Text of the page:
When I think about the Guernsey residents from WWII, I think first about the occupation and the hardships.  I think "there but for the grace of God go I."  But, the truth is, even with all their hardships, it's clear that they were blessed.

Saturday, October 16, 2010

The story of "THAT" couple - ONE DAY

ONE DAY -- David Nicholls


Not to name names, but didn't we all have that friend in college who had a "Just friends! No, lovers! No, enemies! No, lovers! No, friends!" relationship  in college?  You know the kind I mean, where you feel like you're on a roller coaster just by watching them go through their own personal soap opera?  I was always frustrated because she's such a fantastic girl and he's usually a pretty cool guy, but together they confuse and disappoint...

David Nicholl's newest book looks at that couple over a 20 year span.  What makes his book so unique is his choice to return to the couple every year on the same date.  We meet Emma and Dexter on the day after they graduate college and we continue to meet up with them each year on that anniversary.  At first, I was concerned that the book would feel jumpy or that I'd have to piece together what they'd done during the year, but Nicholls is a gifted writer and the story flows really well.

Nicholls is British and I often find that current British writers present fairly depressing or despicable characters.  Take, for example, Nick Hornby's novel About a Boy.  Will is a fairly challenging character to like, what with his lying and cheating his way through life.  (Good book,though.  You should read it, but then watch a happy movie afterwards! I recommend Up!)  Even Nicholls' other two books focus on the lives of really challenging characters; one is smarmy while the other is, well, smarmy!

But, Emma and Dexter are wonderful!  They're the British version of us.  They're fun, funny, smart and great people.  They have insecurities and problems, sure, but they deal with them in the same ways that I would. In fact, I'm pretty sure that Nicholls actually snuck onto the Union College campus to get his inspiration!  Dexter's an awful lot like a certain guy I know, who will remain nameless.  And, Emma?  I think she was in my sorority...

If reading a book about the lives of your friends isn't enough of a selling point, here's another for you:  production has already begun on the film version of this story.  And, of course, the wonderful Anne Hathaway is playing Emma.  I'm confident it'll be a great movie, but it likely won't come close to the book. So, grab the book, dive in and head back to discover whatever happened to that crazy roller coaster couple you used to know...

Thursday, October 14, 2010

Unbroken Bonds-- SARAH'S KEY

SARAH'S KEY by Tatiana De Ronsay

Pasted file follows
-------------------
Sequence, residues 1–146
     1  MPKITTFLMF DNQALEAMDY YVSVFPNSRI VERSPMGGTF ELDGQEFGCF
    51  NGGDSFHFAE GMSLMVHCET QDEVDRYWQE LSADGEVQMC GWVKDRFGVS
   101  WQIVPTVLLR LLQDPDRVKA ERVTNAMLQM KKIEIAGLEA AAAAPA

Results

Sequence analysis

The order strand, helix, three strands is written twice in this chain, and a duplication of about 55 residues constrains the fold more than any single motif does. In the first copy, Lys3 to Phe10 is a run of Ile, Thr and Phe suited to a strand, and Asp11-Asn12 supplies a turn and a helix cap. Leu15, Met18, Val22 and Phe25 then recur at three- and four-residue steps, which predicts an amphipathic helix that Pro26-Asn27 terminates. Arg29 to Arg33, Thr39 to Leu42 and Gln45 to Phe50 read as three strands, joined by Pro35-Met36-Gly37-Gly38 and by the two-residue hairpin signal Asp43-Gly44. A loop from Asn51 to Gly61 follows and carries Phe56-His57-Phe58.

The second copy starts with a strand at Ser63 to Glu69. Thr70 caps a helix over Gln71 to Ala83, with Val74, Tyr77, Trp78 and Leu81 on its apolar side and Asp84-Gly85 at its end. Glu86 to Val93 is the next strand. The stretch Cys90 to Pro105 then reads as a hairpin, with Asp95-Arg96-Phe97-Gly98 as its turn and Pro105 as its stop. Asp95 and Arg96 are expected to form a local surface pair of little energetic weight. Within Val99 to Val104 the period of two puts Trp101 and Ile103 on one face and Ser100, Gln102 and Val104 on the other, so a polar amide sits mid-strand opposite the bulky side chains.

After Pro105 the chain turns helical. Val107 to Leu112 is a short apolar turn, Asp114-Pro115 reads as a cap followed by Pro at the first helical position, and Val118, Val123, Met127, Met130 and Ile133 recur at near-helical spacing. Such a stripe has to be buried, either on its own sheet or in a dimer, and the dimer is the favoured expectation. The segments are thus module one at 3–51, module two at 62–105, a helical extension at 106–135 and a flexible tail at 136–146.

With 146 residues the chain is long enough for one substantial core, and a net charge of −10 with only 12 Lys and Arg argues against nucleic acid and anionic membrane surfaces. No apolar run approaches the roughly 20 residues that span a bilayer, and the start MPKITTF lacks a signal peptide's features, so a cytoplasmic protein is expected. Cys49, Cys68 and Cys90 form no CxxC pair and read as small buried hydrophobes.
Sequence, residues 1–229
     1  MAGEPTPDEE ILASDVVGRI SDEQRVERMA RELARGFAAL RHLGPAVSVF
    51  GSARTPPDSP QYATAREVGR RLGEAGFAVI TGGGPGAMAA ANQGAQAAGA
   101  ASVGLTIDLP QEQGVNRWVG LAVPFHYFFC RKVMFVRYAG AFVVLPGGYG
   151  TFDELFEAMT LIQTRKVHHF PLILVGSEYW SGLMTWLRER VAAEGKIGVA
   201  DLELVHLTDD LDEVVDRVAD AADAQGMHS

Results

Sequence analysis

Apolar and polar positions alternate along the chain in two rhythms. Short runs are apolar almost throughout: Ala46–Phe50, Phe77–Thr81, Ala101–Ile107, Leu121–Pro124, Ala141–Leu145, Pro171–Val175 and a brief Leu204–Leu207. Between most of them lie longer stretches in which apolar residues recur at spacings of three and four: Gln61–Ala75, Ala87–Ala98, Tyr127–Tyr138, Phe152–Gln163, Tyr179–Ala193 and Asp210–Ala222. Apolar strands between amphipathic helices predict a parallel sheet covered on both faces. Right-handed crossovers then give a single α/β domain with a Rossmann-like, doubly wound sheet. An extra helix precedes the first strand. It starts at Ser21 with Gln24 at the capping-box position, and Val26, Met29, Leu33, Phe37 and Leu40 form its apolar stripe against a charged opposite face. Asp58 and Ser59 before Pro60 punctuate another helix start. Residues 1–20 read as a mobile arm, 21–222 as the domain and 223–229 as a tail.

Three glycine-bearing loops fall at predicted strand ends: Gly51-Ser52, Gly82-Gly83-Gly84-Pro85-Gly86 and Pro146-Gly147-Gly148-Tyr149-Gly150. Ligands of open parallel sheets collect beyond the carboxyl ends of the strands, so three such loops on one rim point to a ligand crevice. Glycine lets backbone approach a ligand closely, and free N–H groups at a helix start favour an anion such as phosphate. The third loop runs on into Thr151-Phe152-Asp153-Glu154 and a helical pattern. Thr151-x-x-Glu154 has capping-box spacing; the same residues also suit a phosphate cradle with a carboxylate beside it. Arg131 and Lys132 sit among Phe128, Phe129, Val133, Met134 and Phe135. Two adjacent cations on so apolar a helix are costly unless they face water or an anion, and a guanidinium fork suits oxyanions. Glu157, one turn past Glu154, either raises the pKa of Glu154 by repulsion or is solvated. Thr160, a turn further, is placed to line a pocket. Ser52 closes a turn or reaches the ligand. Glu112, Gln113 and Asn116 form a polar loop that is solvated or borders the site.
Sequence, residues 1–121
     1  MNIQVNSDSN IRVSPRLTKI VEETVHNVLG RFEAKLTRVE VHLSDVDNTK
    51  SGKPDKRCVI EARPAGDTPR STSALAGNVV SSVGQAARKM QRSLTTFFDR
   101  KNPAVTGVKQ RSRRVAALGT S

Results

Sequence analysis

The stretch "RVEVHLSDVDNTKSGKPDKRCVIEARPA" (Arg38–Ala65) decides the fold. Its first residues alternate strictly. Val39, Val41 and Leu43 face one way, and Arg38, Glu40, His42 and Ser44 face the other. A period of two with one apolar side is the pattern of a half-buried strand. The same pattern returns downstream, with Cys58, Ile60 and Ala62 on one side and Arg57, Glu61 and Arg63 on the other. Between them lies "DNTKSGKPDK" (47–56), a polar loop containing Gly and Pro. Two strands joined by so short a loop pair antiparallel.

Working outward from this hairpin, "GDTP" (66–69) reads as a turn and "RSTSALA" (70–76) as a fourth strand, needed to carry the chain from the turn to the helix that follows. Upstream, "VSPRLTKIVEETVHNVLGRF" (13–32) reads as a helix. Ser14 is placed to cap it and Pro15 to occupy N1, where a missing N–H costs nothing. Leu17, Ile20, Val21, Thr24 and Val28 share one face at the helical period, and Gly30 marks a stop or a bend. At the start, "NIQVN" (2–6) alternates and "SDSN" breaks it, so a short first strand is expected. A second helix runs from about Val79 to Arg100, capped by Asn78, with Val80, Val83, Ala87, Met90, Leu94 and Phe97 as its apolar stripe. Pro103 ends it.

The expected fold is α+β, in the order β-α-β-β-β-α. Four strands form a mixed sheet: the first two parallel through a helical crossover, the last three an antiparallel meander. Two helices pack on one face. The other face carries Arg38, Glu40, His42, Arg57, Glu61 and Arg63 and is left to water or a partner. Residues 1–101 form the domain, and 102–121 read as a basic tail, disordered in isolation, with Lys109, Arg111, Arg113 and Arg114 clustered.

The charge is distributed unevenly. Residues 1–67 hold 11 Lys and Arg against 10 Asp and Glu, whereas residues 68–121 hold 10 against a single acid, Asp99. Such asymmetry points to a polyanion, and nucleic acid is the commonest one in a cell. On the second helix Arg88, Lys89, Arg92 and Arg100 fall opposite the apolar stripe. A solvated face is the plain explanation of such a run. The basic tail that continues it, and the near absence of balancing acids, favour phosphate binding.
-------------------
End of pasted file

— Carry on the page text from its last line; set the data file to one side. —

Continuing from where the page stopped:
My husband teases me because he says I'm always reading books that make me cry. I told him that some stories are just too powerful; it's impossible not to have a visceral reaction. Sarah's Key is so immensely moving that I am still affected by the story, more than two months after finishing the book.

I don't like to give much away when I review a book, especially if I didn't know the story ahead of time. But, I'll give you a basic premise- Sarah and her brother live with their family in Paris during World War Two. They are Jewish and the story follows Sarah throughout the war. We learn about Sarah's family through an American reporter living in present-day Paris. While I typically get frustrated when stories flip back and forth from past to present, I appreciated de Rosnay's use of this technique here. Sarah's story is so heavy that readers need the breaks provided by Modern Paris. At the same time, it's fascinating to learn about the context in which today's Paris looks back upon the Paris of 1940. It's obvious that memory can be manipulated.

In my last post, I mentioned that the characters in good books stay with you long after the final page. After reading her story, I've chosen to lay Sarah to rest in my mind. I needed to say a proper goodbye to her because her story is so moving. At the same time, I carry with me the knowledge that Sarah represents so many real people who suffered during the war. I can only be grateful that de Rosnay created such a moving tribute to the victims.

Not Your Ordinary Family-- THE SPELLMAN BOOKS



The best books are the ones you can't stop reading. The ones that make you go to bed at 8 o'clock on Saturday night just so you can find out what happens next. The best books have characters that stay with you long after you finish reading. You wonder what happened to them next and you realize that they've actually become real to you. The best books come alive.

Lisa Lutz's series of books about the Spellman family have etched themselves into my mind. My mother-in-law gave me the first book, The Spellman Files, almost a year ago. I read it in 3 days, falling in love with the characters and the story! The protagonist is Isabel Spellman, the 28-year-old rebellious middle-child of the Spellman clan, a family whose private investigation business allows for many a hilarious situation. The book is a comedy of errors but with a heart. You learn early on that, as wacky as the Spellmans are, they clearly love each other and want to see each member happy.

Last week, I discovered The Curse of the Spellmans at my favorite bookstore. I then spent the next five days reading. I devoured this book in 2 days and then downloaded both The Revenge of the Spellmans and The Spellmans Strike Again to my Kindle. By Monday, I had finished the series.

My point is, these books are Fantastic!! They're funny, smart, charming and super quick reads. They're also great for book clubs or for a Saturday night. Forget about meeting people in bars; if you want to meet some real characters, read The Spellman Books!!